Interesting Questions, Facts and Information
- There are a total of 10 general entries.
Interesting Questions, Facts, and Information
Art in Songs
|The lyrics of which Bauhaus song consist of quotations and cut-ups from the dystopian classic "Brave New World" (1932) by Aldous Huxley?||Songs in the Footsteps of Artworks
Silent Hedges. Bauhaus took their name from the German architecture school and art movement. Their interpretation of "art for art's sake" led them to include a lot of references to artists and artworks in their songs.
The book title "Brave New World" is taken from Miranda's speech in act 5 of Shakespeare's "The Tempest".
It so happened that I coincidentally purchased my copy of the Bauhaus LP "The Sky's Gone Out" (1982) and my English copy of Aldous Huxley's "Brave New World". Reading the book and listening to the album's second track, I noticed the beautiful collage woven therein.
Online book with a search feature: http://www.classicreader.com/booktoc.php/sid.1/bookid.1279/
Time for a nice closure to this quiz - The Doors took their name from Aldous Huxley's book "The Doors of Perception". In turn, Huxley borrowed this name from a quote by a poet: "If the doors of perception were cleansed, every thing would appear to man as it is: infinite". And this infinite loop brings us right back to the first question of this quiz - the poet to whom the quote belongs is William Blake.
Hope you enjoyed to test your knowledge and/or to learn from this humble effort of mine, and hope to see you playing my other quizzes.
|"The Lie (Bernini's St. Theresa)" is a dramatic song inspired by Bernini's marble statue "The Ecstasy of St. Teresa" placed at the Santa Maria della Vittoria in Rome. Who composed and sang it in his album "The Silent Corner and The Empty Stage" (1973)?||Songs in the Footsteps of Artworks
Peter Hammill. A powerful song. The last thing we did when visiting Rome for the first time was rush to the Santa Maria della Vittoria with a walkman and marvel at the statue while listening to the song. Nowadays, you can do the same from the comfort of your chair:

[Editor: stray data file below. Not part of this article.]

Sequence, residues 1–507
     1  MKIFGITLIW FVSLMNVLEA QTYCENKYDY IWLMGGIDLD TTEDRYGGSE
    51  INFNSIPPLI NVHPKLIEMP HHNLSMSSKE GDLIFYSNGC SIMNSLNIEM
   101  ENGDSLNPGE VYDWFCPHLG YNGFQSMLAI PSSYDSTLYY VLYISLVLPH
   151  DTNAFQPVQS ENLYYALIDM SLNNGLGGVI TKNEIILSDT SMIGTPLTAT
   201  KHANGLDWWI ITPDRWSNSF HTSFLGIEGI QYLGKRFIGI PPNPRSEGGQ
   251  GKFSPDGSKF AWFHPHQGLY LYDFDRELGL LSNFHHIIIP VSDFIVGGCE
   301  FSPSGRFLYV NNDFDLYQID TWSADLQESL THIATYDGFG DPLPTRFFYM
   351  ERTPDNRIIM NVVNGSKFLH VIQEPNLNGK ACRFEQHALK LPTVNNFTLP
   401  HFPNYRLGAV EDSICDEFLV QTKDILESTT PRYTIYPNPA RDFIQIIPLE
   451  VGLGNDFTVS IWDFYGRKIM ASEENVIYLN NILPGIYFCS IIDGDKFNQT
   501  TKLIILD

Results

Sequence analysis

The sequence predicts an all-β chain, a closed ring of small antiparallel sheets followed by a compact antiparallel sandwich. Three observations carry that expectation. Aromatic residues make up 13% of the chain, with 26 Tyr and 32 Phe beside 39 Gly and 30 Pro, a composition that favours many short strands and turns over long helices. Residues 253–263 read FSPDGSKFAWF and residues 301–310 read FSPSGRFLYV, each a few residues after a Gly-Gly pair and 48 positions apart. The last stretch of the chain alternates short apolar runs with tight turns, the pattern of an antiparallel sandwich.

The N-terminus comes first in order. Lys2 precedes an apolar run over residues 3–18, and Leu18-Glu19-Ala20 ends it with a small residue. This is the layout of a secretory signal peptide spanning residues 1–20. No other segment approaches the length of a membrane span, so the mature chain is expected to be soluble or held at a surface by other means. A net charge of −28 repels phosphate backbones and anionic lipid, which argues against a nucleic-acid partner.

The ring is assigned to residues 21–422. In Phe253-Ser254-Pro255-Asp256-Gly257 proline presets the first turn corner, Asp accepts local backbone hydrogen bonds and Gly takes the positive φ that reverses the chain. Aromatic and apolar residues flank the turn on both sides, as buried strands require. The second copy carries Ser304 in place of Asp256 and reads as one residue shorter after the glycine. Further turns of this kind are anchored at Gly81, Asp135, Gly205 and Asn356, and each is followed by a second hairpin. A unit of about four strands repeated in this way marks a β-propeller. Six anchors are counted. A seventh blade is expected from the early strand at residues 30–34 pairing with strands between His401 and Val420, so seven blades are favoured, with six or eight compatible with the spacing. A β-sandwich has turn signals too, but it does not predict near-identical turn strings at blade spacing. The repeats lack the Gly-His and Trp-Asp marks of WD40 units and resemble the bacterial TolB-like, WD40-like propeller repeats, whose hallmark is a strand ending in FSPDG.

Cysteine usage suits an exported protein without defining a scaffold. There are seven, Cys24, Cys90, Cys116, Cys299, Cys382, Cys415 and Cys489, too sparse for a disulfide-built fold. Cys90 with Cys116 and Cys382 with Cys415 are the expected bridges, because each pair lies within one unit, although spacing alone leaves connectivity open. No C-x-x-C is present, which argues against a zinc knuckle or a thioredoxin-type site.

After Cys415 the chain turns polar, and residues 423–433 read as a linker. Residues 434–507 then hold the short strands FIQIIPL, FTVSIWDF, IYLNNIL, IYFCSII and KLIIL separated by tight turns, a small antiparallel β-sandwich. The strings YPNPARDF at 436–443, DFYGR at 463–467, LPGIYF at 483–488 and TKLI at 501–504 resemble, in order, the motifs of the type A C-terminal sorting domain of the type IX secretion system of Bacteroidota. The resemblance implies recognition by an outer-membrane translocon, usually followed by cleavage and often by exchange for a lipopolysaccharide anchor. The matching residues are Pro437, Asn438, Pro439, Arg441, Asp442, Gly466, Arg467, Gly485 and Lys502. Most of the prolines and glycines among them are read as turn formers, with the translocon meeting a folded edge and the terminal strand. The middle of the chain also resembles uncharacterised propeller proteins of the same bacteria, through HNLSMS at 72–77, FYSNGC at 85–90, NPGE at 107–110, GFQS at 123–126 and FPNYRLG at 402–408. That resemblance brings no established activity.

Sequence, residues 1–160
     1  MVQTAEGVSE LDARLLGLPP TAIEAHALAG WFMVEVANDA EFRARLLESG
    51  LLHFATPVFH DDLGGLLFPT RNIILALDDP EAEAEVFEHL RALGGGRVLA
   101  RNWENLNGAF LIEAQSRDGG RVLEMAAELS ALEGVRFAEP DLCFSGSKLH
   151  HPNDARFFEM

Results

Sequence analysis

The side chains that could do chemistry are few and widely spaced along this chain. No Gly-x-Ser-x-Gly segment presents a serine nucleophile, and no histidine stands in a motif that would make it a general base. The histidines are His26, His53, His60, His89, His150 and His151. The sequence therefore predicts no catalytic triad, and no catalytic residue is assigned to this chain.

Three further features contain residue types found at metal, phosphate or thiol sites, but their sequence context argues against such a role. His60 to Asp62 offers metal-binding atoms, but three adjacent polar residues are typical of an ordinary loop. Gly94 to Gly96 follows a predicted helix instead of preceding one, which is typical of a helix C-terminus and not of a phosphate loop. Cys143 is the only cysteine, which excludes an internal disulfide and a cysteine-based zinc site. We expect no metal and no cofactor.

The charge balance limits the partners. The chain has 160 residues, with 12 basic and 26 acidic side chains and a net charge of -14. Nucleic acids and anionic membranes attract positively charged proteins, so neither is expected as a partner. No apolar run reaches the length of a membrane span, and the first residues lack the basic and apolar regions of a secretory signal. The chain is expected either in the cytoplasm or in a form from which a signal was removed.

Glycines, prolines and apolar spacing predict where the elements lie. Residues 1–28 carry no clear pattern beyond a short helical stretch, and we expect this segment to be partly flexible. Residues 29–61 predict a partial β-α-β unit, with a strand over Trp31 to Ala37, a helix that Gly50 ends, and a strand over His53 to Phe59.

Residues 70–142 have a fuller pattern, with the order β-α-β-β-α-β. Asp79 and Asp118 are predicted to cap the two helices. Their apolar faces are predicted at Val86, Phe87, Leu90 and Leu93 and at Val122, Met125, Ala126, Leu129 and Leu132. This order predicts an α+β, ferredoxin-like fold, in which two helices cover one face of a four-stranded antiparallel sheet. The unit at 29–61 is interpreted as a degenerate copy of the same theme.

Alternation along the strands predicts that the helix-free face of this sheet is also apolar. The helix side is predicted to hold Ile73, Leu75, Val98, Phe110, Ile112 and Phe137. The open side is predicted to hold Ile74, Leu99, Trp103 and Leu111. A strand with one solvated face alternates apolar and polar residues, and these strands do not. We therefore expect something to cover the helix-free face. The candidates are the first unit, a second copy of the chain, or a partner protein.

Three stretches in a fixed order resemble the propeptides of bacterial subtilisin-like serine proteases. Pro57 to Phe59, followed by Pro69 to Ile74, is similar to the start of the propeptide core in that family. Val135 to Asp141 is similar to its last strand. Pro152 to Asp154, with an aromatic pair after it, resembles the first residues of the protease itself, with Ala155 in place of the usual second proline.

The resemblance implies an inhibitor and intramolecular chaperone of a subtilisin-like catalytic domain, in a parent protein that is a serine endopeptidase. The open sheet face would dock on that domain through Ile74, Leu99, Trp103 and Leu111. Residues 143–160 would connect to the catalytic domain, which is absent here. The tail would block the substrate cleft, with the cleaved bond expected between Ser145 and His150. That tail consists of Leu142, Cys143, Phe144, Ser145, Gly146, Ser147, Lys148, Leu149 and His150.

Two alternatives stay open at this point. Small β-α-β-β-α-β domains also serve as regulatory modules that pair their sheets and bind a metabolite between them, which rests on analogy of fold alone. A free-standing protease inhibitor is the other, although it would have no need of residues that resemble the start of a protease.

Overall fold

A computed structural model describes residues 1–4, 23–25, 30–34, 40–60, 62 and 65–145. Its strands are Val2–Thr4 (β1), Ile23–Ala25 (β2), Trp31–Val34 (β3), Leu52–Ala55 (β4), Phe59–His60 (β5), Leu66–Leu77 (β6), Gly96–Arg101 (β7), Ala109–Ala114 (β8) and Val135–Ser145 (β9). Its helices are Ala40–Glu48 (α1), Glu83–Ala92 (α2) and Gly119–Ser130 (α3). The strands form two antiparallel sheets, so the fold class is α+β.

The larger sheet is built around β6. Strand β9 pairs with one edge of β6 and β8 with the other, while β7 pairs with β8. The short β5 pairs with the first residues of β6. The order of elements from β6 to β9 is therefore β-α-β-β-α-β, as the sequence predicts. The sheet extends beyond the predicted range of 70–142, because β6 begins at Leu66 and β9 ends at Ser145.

Song audio: http://www.youtube.com/watch?v=mpbSdUwzTGU
Song lyrics: http://www.sofasound.com/phcds/sclyrics.htm#3
Image of the statue: http://www.library.ubc.ca/finearts/BaroqueImages/st_therese2.jpg
Well, almost the same.
|The BBC series "The Prisoner" (1967/8) starring Patrick McGoohan was described by some as the TV equivalent of George Orwell's "1984". Issues raised by the series, such as religion, thought-control and the rebellion against them, landed on the fertile ground of an extremely opinionated folk-rock artist and resulted in the epic "McGoohan's Blues" released in his album "Folkjokeopus" (1969). Who is that artist?||Songs in the Footsteps of Artworks
Roy Harper. Roy Harper on "McGoohan's Blues": "The big problem that you've got with writing things like that is that you don't want them to be true, but increasingly they are... Well maybe the next time I can write something that fantasises instead and then I won't have to look back and say, You were right Roy... It's terrible just to think about a little man like me, a little boy as I was, writing a song like that - and it still being a valid thing to say now. And I can't actually see a time when it won't be, it's sort of... it's fairly timeless. I didn't think it was going to be. I didn't think about things like that then, it was almost stream-of-consciousness and you sort of have withdrawal symptoms from it... you don't want it to be there, and at the same time it's like a hollow victory. It's a very hollow victory." (ref: http://www.terrascope.org/harper.html).
More on "The prisoner": http://www.museum.tv/archives/etv/P/htmlP/prisonerthe/prisonerthe.htm
Roy Harper himself could have been a subject to a question in this quiz, as Led Zeppelin's song "Hats Off To (Roy) Harper" is dedicated to him.
|One of Rembrandt's most famous paintings is "De Nachtwacht" ("The Night Watch", 1642). Which progressive rock band has a song by the same name, virtually portraying the painting in its lyrics?||Songs in the Footsteps of Artworks
King Crimson. King Crimson's lyricist Richard Palmer-James excelled in his portrayal of "The Night Watch". I can only recommend you to listen to the song while looking at the painting.
Painting and description from the website of the Amsterdam Rijksmuseum: http://www.rijksmuseum.nl/aria/aria_assets/SK-C-5?lang=en (click to enlarge)
The song is from "Starless and Bible Black" (1974). The album name is a quotation from Dylan Thomas' play "Under Milk Wood" (1953).